pain, using drugs (e.g., nifedipine and prednisolone) that can modulate the function of the ureter obstructed by the stone. Recently, an a1A receptor blocker to be used in this regard is tamsulosin. Most of the work on the efficiency of tamsulosin in lower ureteral calculi expulsion has been done in affluent western countries with variable results. The disease spectrum in a developing country like ours, is different from that in developed countries, mainly because of delay in diagnosis, delay in investigations and lack of awareness which tend to modify the outcome in case of ureteral stones or of any disease for that matter. More so, advanced interventional facilities in this part of the world are not easily available. A prospective study was thus planned to compare the tamsulosin group with a control group in our setup to evaluate the efficiency of tamsulosin for lower ureteral calculi expulsion within a few days without the need for hospitalization, common endoscopic treatment or shock wave lithotripsy (1,2,3).
The Role of the Tamsulosin in the Medical Expulsion Therapy for Distal Ureteral Stones
2. MATERIALS AND METHODS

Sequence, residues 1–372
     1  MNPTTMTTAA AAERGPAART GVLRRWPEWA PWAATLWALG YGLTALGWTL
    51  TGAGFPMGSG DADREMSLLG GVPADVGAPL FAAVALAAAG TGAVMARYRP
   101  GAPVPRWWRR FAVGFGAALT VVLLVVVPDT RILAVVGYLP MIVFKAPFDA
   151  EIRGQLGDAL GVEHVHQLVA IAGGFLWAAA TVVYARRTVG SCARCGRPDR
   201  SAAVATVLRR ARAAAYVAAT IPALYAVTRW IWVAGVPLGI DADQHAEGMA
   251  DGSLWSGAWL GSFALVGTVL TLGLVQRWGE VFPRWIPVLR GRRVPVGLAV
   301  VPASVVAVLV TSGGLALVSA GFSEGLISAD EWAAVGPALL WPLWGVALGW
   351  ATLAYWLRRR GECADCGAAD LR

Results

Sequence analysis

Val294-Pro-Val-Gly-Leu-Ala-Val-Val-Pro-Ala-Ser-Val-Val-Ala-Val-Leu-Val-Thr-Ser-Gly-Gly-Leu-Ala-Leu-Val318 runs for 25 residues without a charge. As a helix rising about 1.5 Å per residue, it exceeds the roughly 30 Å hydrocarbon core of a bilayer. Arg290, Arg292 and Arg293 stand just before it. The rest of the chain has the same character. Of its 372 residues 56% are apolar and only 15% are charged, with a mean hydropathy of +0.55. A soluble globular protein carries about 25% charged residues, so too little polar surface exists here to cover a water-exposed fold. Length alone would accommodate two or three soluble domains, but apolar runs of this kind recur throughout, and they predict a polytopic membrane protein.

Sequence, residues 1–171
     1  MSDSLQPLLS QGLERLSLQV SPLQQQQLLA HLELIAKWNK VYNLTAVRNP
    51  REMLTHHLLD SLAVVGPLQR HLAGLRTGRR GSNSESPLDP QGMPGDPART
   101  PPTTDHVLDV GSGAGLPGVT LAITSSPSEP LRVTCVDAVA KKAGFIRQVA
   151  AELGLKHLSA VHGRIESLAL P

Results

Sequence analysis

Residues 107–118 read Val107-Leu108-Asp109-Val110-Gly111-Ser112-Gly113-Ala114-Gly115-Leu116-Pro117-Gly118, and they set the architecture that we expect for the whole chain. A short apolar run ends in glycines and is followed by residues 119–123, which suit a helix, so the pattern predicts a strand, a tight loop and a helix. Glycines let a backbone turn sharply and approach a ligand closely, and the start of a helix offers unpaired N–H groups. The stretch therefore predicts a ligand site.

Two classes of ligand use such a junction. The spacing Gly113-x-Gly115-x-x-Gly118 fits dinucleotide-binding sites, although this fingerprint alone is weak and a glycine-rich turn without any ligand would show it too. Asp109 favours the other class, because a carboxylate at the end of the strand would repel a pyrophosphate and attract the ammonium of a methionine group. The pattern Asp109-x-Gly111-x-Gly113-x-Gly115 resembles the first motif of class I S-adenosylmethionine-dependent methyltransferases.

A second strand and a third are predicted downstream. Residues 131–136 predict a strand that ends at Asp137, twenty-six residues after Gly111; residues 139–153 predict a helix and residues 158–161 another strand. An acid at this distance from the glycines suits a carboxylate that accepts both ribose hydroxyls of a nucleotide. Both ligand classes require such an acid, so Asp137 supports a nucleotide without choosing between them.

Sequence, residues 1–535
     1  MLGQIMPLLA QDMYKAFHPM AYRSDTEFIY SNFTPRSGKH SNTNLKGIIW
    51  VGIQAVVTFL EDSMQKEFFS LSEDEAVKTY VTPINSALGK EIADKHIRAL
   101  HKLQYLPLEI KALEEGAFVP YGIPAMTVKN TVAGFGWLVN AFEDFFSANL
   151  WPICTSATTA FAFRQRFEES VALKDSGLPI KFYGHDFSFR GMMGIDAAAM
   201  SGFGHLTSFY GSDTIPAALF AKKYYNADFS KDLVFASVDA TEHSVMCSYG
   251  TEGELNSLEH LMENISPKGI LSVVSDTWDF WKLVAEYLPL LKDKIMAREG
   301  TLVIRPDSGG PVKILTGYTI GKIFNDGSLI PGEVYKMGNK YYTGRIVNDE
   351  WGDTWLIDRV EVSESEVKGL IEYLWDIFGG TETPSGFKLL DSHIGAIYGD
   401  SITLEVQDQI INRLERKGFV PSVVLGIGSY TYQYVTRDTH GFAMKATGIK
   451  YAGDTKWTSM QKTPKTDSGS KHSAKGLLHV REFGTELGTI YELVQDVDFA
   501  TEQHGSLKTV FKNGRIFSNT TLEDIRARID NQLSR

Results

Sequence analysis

A prospective randomized controlled study was conducted in the Department of Urology, University Clinical Centre of Kosova. The study protocol was approved by the Ethical Committee of the Faculty of Medicine, University of Prishtina, and the research was conducted in accordance with Declaration of Helsinki guidelines. Written informed consent was obtained from all study participants before inclusion in the study. From the 104 patients, the youngest was 18 years of age, while the oldest was 65 years of age. This study included patients with a diagnosis of a symptomatic, unilateral, solitary lower ureteral stones (stone present at the level of ischial spine or below), proved either on a skiagram or sonography of the KUB (Kidney-Ureter-Bladder) with size ≥4 mm and ≤10 mm (in major axis). Prior to study, complete hemogram, blood urea, serum creatinine, complete urine examination, urine culture sensitivity, was done for participating patients. Stone presence and its characteristics were diagnosed by kidney-ureter-bladder X-ray (KUB), abdominal ultrasonography and intravenous urography (IVU), or computed tomography when necessary. All patients with active urinary tract infection, fever, acute renal failure, chronic renal failure, history of urinary surgery or endoscopic treatment, uncorrected distal obstruction and marked hydronephrosis, diabetes, history of hypersensitivity to α-blockers and pregnant women, were excluded. Total 104 symptomatic cases of lower ureteric stones were divided randomly into a study group I (Tamsulosin) and control group II. Study group I (Tamsulosin): The 52 patients in this group were given Tabl.Tamsulosin 0.4 mg in the morning, half hour after breakfast for a maximum period of 28 days or until spontaneous passage of stone, (which ever was earlier). High fluid intake and analgesic (Caps. diclofenac 75 mg), were given on demand during the study period. Group II (Control): The 52 patients included in this group were advised of high fluid intake along with analgesic (Caps diclofenac 75 mg), on demand during the study period. The patients were followed up with a weekly sonography KUB and fortnightly X-ray KUB and final evaluation was done after completion of four weeks. Successful results were defined by complete stone passage. The failure was considered if the patient failed to pass the stone at the end of four weeks. 2.1. Statistical analysis. Processing of date is done with the statistical package InStat 3. The obtained data has been presented through tables. The index of the structures has been calculated from the statistical parameters, arithmetical average and standard deviation. Testing of the quantitative data has been performed with X2-test, or the Fisher test. Testing of the quantitative data is done with the T-test. Verification of tests is done with degree of reliability 99.7% (P